Steamboat Springs Because March is National Nutrition Month, this is a perfect time to evaluate your eating and exercise habits. This year's motto, "Start Today for a Healthier Tomorrow," focuses on healthy habits that can affect your health in the long term.
For example, if you've been thinking about taking off some of the weight you've gained over the winter, not only will you be able to fit into your shorts this summer, but also you can avoid some of the health problems associated with being overweight. These problems include high cholesterol, high blood pressure, diabetes, gallbladder disease, arthritis, some types of cancer and even some lung problems.
How do you know if you are eating healthy? How do you know how much fat you should be eating? Are you eating enough fiber? What can you do to lower your risk for heart disease and diabetes?
Start with looking at the Food Guide Pyramid. This recommends daily consumption of:
Six to 11 servings from the bread, cereal, rice and pasta group.
Three to five servings of vegetables.
Two to four servings of fruits.
Two to three servings from the meat, poultry, fish, dry beans, eggs and nuts group.
Two to three servings from the milk, yogurt and cheese group.
If your diet closely resembles the food guide pyramid, you're on the right track. Many of my clients report they do not eat the recommended servings of vegetables each day. One serving is one-half cup of cooked vegetables or one cup raw vegetables. Vegetables are low in calories, high in fiber and contain vitamins and minerals.
Participants in the THINKLIGHT! program at Yampa Valley Medical Center are learning how to "Start Today for a Healthier Tomorrow." This lowfat living plan teaches individuals how to adopt a healthy lifestyle by offering practical tools that make it easier to change eating and activity habits. "I'm learning to let go some of my guilt surrounding food," said AlidaLee Gingerich, a nurse at the medical center and program participant. "I know I can have a cookie and it is OK, as long as most of the time I follow a healthy, balanced diet. That way, I will stop at one cookie and not have several more because I am thinking that I blew my diet anyway."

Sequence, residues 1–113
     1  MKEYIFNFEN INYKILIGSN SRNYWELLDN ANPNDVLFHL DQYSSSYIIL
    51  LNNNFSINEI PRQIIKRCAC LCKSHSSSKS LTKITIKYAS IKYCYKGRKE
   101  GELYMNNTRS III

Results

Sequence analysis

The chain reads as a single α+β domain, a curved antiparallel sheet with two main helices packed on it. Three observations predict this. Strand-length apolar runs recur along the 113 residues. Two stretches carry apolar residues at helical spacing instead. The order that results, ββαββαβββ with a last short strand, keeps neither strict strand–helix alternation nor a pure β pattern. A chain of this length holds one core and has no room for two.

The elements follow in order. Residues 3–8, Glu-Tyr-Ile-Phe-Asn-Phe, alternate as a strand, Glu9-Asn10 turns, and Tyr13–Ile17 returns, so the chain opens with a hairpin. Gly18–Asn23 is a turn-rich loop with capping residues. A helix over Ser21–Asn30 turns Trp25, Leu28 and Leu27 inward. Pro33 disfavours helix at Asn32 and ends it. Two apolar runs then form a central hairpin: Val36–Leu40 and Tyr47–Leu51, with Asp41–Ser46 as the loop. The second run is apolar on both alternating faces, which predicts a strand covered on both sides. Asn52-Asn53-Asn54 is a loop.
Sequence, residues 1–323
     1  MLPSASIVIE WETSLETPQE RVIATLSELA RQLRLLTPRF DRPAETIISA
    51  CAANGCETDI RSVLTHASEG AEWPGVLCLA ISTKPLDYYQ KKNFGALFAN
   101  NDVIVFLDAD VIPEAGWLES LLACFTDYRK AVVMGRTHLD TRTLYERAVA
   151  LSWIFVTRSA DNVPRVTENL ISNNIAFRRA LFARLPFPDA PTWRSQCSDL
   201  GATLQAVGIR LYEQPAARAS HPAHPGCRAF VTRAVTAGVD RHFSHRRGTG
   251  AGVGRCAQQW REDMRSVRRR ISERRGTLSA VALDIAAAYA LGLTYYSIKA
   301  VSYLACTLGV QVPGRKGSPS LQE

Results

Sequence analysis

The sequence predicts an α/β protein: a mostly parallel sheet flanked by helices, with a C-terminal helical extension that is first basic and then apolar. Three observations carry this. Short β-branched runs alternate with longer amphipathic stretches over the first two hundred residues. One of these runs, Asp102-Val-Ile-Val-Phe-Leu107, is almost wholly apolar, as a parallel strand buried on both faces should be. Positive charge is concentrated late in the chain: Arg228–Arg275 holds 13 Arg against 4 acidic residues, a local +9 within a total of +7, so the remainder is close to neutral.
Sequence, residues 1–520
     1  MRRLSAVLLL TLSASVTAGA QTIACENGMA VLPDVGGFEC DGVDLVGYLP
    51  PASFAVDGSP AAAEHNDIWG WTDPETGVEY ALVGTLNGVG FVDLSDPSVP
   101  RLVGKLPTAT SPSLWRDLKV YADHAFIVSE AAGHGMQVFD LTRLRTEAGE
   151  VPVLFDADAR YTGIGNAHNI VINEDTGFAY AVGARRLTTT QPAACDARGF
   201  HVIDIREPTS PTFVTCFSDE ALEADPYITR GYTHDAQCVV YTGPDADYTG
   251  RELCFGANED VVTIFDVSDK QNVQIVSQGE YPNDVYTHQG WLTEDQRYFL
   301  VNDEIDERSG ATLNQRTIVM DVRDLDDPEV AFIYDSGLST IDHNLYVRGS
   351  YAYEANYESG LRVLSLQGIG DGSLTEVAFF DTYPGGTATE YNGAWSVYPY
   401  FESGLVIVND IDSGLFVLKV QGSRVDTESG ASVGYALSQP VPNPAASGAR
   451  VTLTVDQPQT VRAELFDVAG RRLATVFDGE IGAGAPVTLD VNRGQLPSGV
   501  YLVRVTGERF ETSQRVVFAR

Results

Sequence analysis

The THINKLIGHT! program discourages the all-or-nothing attitude that focuses on dieting and labeling foods as good or bad. Instead, the concept of "wandering" is used to describe a deviation from a healthy eating plan, which is normal and expected, versus the concept of cheating on your diet.
By using this term instead of "cheating," participants learn not to pass judgment on themselves.
While the theme for National Nutrition Month is to start today for a healthy tomorrow, this is a good way to live year-round. Whether you need to lose weight, stop smoking, become more physically active or lower your stress level, if you start today by making healthy choices, you will live a healthier tomorrow.
Start with one new healthy behavior change at a time. For example, try eating an extra serving of vegetables or walk to work instead of driving.
Once you've succeeded at changing one behavior, try adding another healthy behavior change. It is never too late to improve your health, and March is a good time to begin.
Carol Mahoney, R.D., is a registered dietitian on staff at Yampa Valley Medical Center and a member of the American Dietetic Association.
Editor's note: This Monday Medical column was inadvertently omitted from Steamboat Today this week and is being reprinted today.